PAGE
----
I am writing this post as I sit on a bench in front of the Davidson, NC Homewood Suites. As I sat working on documents, I struck up a conversation with an employee, who was emptying the trash and straightening up outside. I’ll call him “Nate.” One could and should use Nate’s example to train professionals, including members of my benighted species, lawyers.
Nate greeted customers, some of whom knew him from past visits. As staff arrived, everyone received a cheery greeting. At some point our occasional conversation veered to customer service. Nate, like any professional, was “purposeful.” I suspect that he is a genuinely good guy, and his friendliness was integral to his character. However, he also told me that he knew that his job security at Homewood was intertwined with making people feel “at home.” This statement was not corporate-generated. Nate meant his words.
We talked about how a single good or bad experience can undue years of good efforts or can create lasting loyalty. Nate explained that if he cleans a restroom, he is fastidious about it, because few things more turn off a guest than dirty public restrooms. As a constant traveler, I pondered nice hotels whose public restrooms were dirty, and concluded that they never got my return business. Nate was “analytical” about customer service.
Nate talked about what he liked about work and it was his co-workers and the atmosphere. Later, I saw an attractive professional woman give him a quick hug in greeting as she entered the hotel. The professional woman was the General Manager, and as she greeted staff with genuine pleasure, I better understood the hotel atmosphere. Everyone takes pride in their job, feels a part of delivering the product, and takes an enterprise view of their job. Just ask the kitchen staff, whose eggs I have eaten for five years, and they will express their pride in creating variety in those same eggs. They want the hotel to shine. Even when swamped, I have not heard them whine. And keep in mind that while a nice property, it is not a luxury property or one of those extraordinary gems like the Davidson Village Inn down the road. Yet their customer service is superb.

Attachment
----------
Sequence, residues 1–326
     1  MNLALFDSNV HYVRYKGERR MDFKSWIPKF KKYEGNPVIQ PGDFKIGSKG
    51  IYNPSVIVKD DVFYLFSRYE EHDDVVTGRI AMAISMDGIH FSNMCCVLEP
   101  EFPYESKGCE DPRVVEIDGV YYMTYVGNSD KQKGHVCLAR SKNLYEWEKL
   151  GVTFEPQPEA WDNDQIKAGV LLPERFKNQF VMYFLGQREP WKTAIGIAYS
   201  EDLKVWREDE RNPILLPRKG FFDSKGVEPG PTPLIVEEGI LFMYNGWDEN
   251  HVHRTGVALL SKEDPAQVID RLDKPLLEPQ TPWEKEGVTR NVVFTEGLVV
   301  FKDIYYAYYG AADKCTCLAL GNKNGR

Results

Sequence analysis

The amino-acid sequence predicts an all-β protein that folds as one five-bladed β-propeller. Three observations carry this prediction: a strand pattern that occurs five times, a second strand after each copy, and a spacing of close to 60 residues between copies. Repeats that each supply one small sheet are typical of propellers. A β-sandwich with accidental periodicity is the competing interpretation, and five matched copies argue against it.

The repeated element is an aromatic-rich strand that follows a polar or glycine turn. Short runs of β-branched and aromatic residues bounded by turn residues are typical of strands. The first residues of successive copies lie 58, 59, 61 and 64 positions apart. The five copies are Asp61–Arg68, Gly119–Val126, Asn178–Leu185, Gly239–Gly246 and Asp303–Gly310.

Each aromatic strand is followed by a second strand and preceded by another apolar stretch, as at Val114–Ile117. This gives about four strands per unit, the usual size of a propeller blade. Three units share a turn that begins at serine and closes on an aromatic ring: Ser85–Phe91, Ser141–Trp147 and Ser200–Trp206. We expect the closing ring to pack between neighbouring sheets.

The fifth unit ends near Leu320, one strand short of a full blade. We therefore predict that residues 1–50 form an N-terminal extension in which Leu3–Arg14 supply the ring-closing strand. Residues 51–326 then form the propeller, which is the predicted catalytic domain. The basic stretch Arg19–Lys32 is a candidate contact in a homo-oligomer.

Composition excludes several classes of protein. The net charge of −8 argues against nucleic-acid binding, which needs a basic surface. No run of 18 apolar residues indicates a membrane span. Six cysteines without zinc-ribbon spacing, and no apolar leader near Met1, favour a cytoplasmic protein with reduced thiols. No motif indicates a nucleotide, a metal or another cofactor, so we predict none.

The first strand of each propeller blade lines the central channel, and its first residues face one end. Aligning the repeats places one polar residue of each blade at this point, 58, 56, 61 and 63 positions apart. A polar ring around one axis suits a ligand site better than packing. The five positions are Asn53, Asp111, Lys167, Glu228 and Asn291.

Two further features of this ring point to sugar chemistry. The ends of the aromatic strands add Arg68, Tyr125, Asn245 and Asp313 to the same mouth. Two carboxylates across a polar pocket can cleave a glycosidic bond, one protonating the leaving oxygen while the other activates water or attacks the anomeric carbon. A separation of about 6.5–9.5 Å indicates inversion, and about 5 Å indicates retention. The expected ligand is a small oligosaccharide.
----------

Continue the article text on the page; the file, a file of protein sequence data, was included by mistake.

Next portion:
So what’s the relevance to safety? We all know to do certain things to ensure an engaged and productive workforce, but we are inconsistent and we are not purposeful in our efforts to create this atmosphere. So here’s my lessons for safety:
1. Effective Safety Programs will not occur in an atmosphere where employees do not feel as if they have a role in the organization’s success. We focus so much on self-actualization and meeting an employee’s psychological needs, but common sense and various studies show that employees’ greatest work need, after basic needs are satisfied, is to have a sense that they contribute to the organization’s success. I am convinced that sense of one’s role is one of several reasons that the 9000 employee Children’s Healthcare of Atlanta is on the best places to work lists every year.
2. Neglecting safety is a clear message that you don’t care about employees, so don’t be surprised if the employees in turn, do not care about their work and your customers.
3. Especially in construction and the manufacturing sectors, involving employees in safety is an effective way to focus employees on their role in the enterprises success.
My readers already recognize these suggestions, but are we “purposefully” encouraging the atmospheric that keeps the Nates coming to work and impressing customers? Do our actions substantiate our statements that we are “pro-employee” and that “safety is number one?”